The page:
Saturday, January 25, 2014

Five Solutions for Online Translators in the World Language Classroom

As a French teacher, I hated and loved internet translators. 

  • Essays written in a native language, copied into translators, and turned in
  • The past subjunctive used in level 1
  • That in the past fifteen years, translators have improved
  • The accessibility and availability of this tool 
How I both worked with and avoided translators:

1.  In-class drafts.  Almost all first drafts of essays were completed in class, in a "quick write" form.  This no-pressure first draft gave students the confidence to use the language and take risks.  Students would write for ten minutes in complete silence; after ten minutes, I would give the entire class five minutes to ask questions to peers and to me.  Repeat cycle.  After peer editing and a quick proofread from me, the prof, students would write the final draft at home. When grading, I would require students to turn in all drafts.

2.  Uncheatable homework.  Instead of the typical worksheets, I gave a variety of choices for homework that was largely optional. When students completed assignments at home, they were based on interest and choice, and without the pressure of "zeros," homework was rarely copied or completed with online translators.

3.  Teaching dictionary skills.  I found that one of the reasons students would use internet translators was because they wanted to say something but didn't know how to say it.  I spent a lot of time teaching students HOW to use the dictionary, which requires a series of steps. I would also teach students how to use an online dictionary such as  An assignment I created is below.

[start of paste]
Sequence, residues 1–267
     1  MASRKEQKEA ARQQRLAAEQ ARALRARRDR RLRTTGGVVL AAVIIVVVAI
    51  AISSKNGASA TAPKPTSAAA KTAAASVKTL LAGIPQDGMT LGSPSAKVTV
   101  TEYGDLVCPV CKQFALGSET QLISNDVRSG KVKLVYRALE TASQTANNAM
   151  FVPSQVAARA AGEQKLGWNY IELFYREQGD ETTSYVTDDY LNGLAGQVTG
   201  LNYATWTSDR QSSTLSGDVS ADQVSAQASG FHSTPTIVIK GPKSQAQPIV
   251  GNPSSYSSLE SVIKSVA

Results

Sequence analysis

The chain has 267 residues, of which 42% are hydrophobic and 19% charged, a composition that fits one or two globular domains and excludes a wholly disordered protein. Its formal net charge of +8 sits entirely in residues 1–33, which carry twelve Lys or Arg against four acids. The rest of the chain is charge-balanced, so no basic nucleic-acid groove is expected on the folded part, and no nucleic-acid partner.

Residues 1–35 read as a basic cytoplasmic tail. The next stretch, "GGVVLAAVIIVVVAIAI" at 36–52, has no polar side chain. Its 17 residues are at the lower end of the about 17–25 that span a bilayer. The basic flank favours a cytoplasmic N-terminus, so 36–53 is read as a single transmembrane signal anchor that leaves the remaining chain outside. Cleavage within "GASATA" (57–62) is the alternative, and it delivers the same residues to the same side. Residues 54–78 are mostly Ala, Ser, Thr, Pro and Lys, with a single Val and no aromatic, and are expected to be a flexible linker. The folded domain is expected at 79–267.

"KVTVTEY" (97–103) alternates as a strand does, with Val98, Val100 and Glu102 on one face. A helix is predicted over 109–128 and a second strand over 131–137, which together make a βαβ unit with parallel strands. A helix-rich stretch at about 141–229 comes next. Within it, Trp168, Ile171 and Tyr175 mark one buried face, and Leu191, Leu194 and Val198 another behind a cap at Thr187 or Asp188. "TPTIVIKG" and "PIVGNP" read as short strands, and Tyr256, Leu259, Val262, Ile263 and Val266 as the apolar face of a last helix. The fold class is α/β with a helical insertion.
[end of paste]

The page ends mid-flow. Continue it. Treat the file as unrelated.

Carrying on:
4.  Setting appropriate expectations with students about writing.  Another reason students would use translators was because they were frustrated by their smaller knowledge of the target language as compared to their native language.  With writing assignments, I gave very clear expectations that students would only use words they knew, and would give bonus points for using a certain number of new things; this rewarded students for trying to find new expressions while also relieving the stress of trying to write in the same way in two different languages. 

5.  Translator analyses.  Finally, in level 1, I gave an assignment for students to compare internet translators.  This was based on an activity by Deborah Blaz, and allowed us to discuss when and how to use translators and WHY they fail.  This activity is also below. 

How have you handled the use of internet translators in your own classroom? 

Teaching Dictionary Skills

Translator Analyses


  1. This is great, Amanda! I especially like the translation 'rating' activity - cool. Gracias! I am going to share it with my department. :-)

    1. I am glad you like it! Thank you for taking the time to read this. I hope you had a great week at school this week.